When the PCA Might actually Want to Follow Southern Baptists

I do not pretend to know the Byzantine world of Southern Baptist life but I do follow one SBC website, SBC Today, to keep tabs on the opposition to Calvinism in the Convention. Some of the staunchest voices against the so-called Calvinist takeover appear at SBC Today.

Another arresting wrinkle to these anti-Calvinists is first their defenses of Paige Patterson and their current opposition to Social Justice Warriorism. Here is an excerpt from a resolution the editors posted today:

Whereas social justice is showing it’s true colors at George Washington University and other campuses in 2018 where they are holding classes and seminars seeking to combat “Christian Privilege,” and attacking Christianity for it’s prominence in society using the social justice ethic, wherein the seminar at GWU students are taught “American Christians receive things they don’t deserve and are not worthy of getting,” and

Whereas Southern Baptists ought to furthermore be warned by the example of the Methodist and Episcopal denominations that have already embraced the social justice movement, and instead of growing in number, these same denominations continue to lose membership at an alarmingly fast rate, and

Whereas we have a present crisis point in the Southern Baptist Convention, in that the same social justice has been recently defended and promoted by Russell Moore of the ERLC within the Southern Baptist Convention, with Dr. Moore writing multiple articles and hosting events promoting social justice, and

Whereas the social justice agenda in the Southern Baptist Convention has become pervasive in some seminaries and state conventions, even to the point that it is apparently an unwritten rule not to speak against the social justice movement, or one’s job or position will be in jeopardy, and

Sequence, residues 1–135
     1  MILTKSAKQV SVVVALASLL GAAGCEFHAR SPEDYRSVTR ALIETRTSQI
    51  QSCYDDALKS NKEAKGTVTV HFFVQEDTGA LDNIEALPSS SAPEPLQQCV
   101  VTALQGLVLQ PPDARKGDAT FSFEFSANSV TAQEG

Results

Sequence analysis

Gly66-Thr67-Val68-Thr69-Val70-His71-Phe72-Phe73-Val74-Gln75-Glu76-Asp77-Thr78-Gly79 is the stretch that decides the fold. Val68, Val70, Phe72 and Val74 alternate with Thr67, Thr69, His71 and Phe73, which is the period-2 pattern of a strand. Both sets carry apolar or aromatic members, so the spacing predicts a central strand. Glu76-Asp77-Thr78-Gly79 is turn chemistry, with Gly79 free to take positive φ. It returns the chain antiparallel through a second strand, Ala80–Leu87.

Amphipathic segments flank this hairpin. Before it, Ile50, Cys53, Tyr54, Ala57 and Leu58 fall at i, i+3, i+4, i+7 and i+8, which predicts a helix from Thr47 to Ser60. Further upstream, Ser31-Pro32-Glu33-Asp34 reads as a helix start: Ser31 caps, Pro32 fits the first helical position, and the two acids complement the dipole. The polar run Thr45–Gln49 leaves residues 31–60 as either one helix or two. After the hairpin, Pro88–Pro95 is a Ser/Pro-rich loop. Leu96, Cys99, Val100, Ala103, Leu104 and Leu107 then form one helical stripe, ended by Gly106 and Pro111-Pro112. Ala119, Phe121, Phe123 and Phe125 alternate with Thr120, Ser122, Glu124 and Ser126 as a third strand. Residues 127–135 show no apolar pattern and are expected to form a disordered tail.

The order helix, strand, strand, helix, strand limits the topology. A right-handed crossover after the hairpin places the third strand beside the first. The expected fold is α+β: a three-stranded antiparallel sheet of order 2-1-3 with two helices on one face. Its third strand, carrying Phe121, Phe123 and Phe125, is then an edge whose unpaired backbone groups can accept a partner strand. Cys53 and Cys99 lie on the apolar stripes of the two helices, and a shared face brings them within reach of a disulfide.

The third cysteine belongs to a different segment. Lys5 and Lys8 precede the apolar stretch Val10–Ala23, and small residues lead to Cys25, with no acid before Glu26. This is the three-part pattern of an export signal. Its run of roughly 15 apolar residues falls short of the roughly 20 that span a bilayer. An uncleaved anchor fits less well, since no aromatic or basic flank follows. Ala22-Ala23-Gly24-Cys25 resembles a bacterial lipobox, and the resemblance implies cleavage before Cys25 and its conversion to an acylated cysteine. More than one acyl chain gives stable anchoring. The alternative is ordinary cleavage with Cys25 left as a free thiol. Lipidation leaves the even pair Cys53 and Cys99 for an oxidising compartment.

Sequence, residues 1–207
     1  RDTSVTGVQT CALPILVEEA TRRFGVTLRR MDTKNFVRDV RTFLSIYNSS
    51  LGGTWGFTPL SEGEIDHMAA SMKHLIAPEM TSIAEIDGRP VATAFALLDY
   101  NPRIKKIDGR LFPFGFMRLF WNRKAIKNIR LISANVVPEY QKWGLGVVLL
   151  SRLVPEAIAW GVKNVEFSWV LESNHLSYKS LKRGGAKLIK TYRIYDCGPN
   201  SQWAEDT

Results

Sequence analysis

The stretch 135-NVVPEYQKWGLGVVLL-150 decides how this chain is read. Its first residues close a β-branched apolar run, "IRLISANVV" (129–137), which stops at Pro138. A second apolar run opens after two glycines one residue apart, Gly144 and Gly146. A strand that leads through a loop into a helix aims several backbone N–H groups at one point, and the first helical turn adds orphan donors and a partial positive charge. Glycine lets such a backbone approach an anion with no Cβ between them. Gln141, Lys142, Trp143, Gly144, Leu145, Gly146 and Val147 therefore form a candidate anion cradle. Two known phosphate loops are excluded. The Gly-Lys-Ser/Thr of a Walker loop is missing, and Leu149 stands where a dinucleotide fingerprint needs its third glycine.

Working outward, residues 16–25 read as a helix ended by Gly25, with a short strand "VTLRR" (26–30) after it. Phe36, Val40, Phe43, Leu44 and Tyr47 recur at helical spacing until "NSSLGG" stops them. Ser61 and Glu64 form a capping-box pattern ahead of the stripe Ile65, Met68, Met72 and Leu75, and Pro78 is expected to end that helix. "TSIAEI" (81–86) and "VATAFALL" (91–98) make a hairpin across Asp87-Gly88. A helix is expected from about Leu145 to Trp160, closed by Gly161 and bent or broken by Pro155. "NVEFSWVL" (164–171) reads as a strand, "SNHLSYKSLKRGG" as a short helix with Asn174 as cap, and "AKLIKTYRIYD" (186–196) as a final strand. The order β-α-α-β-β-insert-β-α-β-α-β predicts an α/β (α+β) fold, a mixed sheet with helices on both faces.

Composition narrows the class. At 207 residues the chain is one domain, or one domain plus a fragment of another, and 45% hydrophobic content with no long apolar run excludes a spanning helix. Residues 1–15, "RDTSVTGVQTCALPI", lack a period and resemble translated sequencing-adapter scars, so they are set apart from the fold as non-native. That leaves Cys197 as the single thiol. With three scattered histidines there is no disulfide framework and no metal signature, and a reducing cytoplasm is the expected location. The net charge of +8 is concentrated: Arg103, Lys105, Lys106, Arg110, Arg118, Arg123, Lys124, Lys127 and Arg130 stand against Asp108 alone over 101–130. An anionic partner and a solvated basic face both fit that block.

Whereas we are repeatedly warned in Scripture concerning such error and being deceived, with Ephesians 5:6, Hebrews 13:9, Colossians 2:8, and 1 Timothy 4:1 being just a few of these warnings, and

. . .Whereas true Christian theology builds people up to be resilient in the face of trials, but social justice seeks to stoke discontentment (1 Corinthians 10:10; Hebrews 13:5), and

Whereas our own denomination must reject this harmful social justice philosophy in it’s entirety, and

Whereas biblical doctrine and the Christian ethic must be chosen over social justice, then be it

RESOLVED, That the messengers to the Southern Baptist Convention, meeting in Dallas, Texas, June 13–14, 2018, decry and reject the terms and framework of social justice as insufficient to adequately reflect the Gospel of Jesus Christ and the Christian worldview; and be it further

RESOLVED That the entities of the Southern Baptist Convention be encouraged to avoid the terms “social justice” and social justice warrior” when referring to Christian ethics or activism, and that the Holy Scriptures be used as a guide without mimicking the verbiage of the Anti-Christian social justice movement, and be it